How to Clean Miyabi Knives
As with any knife, it is always a good idea to clean them by hand. Use a mild detergent with a soft cloth or sponge that does not scratch up your knife.
With this knife, take a few seconds to clean, dry, and store it properly.
Leaving your knife dirty for long periods of time can cause discoloration or rust. Therefore they should be washed as soon as possible.
Video Overview on Miyabi Knife
How to sharpen your Miyabi Knife
-is another article we have that you may be interested in – How to sharpen your Miyabi Knife
All in all these knives will perform any function of a knife but each one has their own characteristics that make them better at certain cuts than others.
The Santoku is best for chopping up veggies. The chef’s knife, due to the tip, is better at precise trimming. The slicer is, of course, the best at slicing. Choosing the length of the knife is a personal preference so use your own discretion.
No matter which one of these knives you choose, there is no doubt that you will scoff at the knife you just replaced saying to yourself, “What was I thinking?”
Do yourself a favor and get one of these terrific Miyabi knives in the 5000-mcd series today.
I own a blog about grilling where I recommend barbecue grills and your article made realize that I need to invest in a decent set of knives for all the steaks I have to prepare. I don’t think I can justify the cost of a Miyabi though. Are there any knives you would recommend for about $100?
Hi – I know what you mean – it is an investment. Miyabi do have a cheaper knife that comes at about that price – Miyabi Fusion 8 Chef’s Knife – but it is in their cheaper range, and that does make a difference. However, it’s still probably the best knife you can get for the money. For $25 more though, the Miyabi Kaizen 7-Inch Granton Santoku Hollow Edge Knife, mentioned in the review is a much better knife for the money. Good luck with building your knife set – and happy grilling!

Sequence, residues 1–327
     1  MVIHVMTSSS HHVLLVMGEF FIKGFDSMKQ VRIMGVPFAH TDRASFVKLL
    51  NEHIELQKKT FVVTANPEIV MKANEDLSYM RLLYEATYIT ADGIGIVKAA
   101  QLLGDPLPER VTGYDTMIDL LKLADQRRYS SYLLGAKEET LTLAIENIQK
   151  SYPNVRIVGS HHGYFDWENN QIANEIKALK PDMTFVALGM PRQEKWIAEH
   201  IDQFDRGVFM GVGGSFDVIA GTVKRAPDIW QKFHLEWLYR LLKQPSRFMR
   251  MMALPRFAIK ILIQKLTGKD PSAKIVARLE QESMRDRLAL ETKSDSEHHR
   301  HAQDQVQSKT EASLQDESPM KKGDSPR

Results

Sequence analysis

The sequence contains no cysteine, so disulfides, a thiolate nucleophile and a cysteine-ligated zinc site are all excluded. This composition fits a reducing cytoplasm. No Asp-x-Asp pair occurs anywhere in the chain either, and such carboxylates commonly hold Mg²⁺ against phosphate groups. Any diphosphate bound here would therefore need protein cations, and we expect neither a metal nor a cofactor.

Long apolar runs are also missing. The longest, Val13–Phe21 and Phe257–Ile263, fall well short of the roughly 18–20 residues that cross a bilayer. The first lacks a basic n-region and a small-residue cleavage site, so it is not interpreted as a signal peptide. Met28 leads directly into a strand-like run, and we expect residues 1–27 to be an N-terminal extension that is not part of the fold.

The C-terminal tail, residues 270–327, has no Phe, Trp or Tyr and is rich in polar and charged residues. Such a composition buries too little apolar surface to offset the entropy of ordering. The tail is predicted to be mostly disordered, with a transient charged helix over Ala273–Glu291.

I have been a chef for more than 20yrs, and my preference has always been on Swiss made knifes. But now, more than ever i am seeing a growing trend of chefs using Japanese knifes. They stand for quality and perfection. I am actually keen to grab one of these, Thanks
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I’ve been looking for a new Japanese kitchen knife. My trusty Sekimagoroku is getting a bit worn out now on the handle over the years and the Miyabi SG2 looks like a good replacement. Well back to the kitchen to make my Katsu curry!
Oh Bailey, you are just making us all hungry telling us about your Katsu curry! Yes it’s a great knife, and one that will last and last. Enjoy your dinner!
My dad would love theses. Thanks for giving me lots of great ideas for his next Xmas present!
Thanks Elizabeth – It’s hard to buy for men isn’t it? Martin’s comment above, also had me thinking that great knives would be fantastic gifts for men who like grilling. Thanks for pointing this out.
This is a fantastic article! Cooking is not only my hobby, but also something I do a lot as the mom of three kids.. Great review on some fabulous knives, I’m going to have to look into these some more! I’ll be pinning this for reference!
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Purchasing a good knife set like this is quite an investment, but I think it’s a great one. I will be saving up to get a set I can enjoy in the kitchen and will also last a life time. Thanks for the review!